College of Medicine students celebrate 'Match Day'

March 18, 2004

Students participate in national medical school tradition

For many Penn State College of Medicine students and students across the country, the anticipation of "Match Day" is finally over. The envelopes have been opened and the students' futures have been revealed.

On March 18, College of Medicine students and faculty gathered in the Penn State Milton S. Hershey Medical Center hospital auditorium to participate in the annual Match Day ceremonies -- a national tradition in which soon-to-be-graduated medical students throughout the United States simultaneously opened letters to learn what hospital or other health-care provider has accepted them into a residency program. For pictures, visit

"I got my first choice," said student Mark Cappel. "I just can't believe it. I'm so excited."

This year, 107 College of Medicine students participated in the national match to find placement as health-care professionals after graduation, 14 of which are under-represented minorities. An additional 16 students learned previously they had been matched in military or other special programs. Another 16 College of Medicine students were accepted into the Penn State College of Medicine's various residency programs and will remain at Hershey Medical Center.

"I'm so happy I got into my first choice," said Carolyn Calisti. "It's here in Hershey. I wanted to stay here because everyone is so supportive of education. Besides, I love Hershey. It's in the middle of everything, but not a big city."

Also, Penn State Hershey Medical Center accepted students from around the country for its new emergency medicine residency program. Six students from across the country were admitted into the program through the match, filling out the available emergency medicine residency slots.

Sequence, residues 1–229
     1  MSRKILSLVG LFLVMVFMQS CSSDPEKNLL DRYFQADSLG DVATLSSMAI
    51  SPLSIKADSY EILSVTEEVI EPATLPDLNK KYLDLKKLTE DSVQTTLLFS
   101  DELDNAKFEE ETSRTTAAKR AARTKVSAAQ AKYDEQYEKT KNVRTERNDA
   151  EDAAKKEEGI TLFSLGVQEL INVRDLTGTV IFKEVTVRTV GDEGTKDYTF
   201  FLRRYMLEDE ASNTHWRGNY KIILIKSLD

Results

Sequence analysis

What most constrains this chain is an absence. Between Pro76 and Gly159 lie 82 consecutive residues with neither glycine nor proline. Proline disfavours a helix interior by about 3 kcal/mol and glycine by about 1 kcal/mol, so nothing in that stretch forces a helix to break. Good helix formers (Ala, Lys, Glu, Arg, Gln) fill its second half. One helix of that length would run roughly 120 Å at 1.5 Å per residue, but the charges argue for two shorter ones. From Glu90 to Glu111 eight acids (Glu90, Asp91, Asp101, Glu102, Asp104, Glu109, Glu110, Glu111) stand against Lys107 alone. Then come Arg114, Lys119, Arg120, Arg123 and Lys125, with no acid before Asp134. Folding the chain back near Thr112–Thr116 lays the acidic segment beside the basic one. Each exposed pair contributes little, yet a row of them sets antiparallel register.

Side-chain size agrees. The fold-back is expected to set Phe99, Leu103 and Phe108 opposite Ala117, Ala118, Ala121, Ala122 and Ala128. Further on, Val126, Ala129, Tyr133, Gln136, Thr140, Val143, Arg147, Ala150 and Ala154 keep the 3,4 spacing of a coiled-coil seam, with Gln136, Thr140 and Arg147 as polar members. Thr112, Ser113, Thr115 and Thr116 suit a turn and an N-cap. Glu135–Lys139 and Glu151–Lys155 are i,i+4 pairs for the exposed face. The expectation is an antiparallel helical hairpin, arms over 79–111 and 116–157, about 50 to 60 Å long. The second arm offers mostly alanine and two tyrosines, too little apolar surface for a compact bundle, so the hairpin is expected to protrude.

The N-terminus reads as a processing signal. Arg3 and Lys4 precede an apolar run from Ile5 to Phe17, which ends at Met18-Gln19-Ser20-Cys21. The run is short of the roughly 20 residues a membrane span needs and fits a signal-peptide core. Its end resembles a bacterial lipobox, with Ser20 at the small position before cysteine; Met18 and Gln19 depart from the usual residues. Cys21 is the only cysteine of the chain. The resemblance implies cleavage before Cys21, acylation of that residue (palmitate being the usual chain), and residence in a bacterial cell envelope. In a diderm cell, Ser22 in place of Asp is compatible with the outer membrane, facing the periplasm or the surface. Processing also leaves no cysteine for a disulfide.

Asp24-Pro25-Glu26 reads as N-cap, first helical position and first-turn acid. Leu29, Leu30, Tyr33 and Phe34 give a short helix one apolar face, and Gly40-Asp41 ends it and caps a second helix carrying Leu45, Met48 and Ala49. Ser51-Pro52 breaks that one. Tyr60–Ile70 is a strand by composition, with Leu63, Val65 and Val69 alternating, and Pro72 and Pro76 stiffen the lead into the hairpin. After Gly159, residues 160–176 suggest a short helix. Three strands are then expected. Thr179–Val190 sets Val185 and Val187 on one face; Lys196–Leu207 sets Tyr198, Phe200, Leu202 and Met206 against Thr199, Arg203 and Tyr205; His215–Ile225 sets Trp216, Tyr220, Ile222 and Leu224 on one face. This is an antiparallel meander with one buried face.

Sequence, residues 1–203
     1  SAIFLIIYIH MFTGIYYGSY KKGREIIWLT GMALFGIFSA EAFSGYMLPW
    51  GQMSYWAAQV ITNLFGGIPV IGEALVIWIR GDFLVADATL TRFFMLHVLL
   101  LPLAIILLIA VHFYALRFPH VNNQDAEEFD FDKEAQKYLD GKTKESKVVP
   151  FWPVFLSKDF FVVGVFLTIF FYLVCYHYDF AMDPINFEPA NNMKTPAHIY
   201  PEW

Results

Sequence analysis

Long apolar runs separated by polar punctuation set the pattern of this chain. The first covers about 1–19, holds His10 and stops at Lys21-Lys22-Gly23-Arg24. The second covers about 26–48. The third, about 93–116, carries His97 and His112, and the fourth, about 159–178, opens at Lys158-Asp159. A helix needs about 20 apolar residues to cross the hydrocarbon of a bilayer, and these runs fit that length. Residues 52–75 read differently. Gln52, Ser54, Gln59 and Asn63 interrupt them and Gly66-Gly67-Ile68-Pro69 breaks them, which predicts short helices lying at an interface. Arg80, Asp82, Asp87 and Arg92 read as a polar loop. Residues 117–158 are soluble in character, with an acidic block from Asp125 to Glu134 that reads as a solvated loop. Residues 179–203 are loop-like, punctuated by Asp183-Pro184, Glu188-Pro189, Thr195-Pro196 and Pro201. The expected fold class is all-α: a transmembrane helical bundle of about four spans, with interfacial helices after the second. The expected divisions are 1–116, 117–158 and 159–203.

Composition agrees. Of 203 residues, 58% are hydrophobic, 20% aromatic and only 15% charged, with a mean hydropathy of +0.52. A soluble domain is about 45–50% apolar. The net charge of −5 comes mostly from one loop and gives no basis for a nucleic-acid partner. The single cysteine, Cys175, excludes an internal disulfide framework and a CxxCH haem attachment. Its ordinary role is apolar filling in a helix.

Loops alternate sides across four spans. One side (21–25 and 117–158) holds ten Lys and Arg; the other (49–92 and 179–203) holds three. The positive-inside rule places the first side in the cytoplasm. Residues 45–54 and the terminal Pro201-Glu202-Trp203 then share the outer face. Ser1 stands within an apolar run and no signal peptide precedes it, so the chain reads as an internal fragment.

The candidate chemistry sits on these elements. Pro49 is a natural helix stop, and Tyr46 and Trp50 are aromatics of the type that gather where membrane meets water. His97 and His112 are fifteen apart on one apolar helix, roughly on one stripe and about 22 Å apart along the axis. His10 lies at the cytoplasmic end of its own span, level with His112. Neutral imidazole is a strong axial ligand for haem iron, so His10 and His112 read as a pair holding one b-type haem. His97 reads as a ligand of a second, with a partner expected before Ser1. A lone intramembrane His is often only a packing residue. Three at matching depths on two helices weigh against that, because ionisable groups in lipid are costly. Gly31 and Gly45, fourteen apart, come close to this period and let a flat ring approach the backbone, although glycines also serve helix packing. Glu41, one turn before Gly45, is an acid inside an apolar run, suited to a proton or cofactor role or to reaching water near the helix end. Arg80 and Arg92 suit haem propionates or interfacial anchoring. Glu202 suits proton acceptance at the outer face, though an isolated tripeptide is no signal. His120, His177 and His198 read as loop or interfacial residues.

"As a brand-new residency program, we were very impressed with the level of interest we received from medical students throughout the country," said Kym Salness, chair of emergency medicine. "Our incoming residents have excellent educational track records and were ranked very high on our list of prospective candidates. We are extremely pleased with the quality of our inaugural group of residents."

Including the emergency medicine program, 96 medical students nationwide today were matched to 20 accredited specialty residency programs in the College of Medicine and Hershey Medical Center. Of those students, 18 are under-represented minorities. In all, the college has 40 accredited residency programs.

The National Resident Matching Program (NRMP) program, otherwise known as "The Match," is a private, not-for-profit corporation sponsored by five organizations. It is designed to ease the often chaotic and stressful transition from medical school to residency for medical students.

Each year in February, after researching, visiting and interviewing residency programs and otherwise investigating their options, participating senior medical students and other applicants are required to file a rank-order list of training programs of interest, indicating the priority of their preference. Likewise, program directors file their rank-order list of applicants.

The computer "match" increases the options for medical students allowing them to compete for a broad range of medical programs and maximize their access to residency programs. This matching of interests assures placement in preferred residency programs for students.

Each year the NRMP enrolls approximately 3,700 programs in the match and more than 31,000 participate in the match.

Students still have graduation ceremonies ahead of them before they officially begin their various residency programs. The 2004 Graduation Weekend at Hershey is May 14-16.

(Media Contacts)

Last Updated March 20, 2009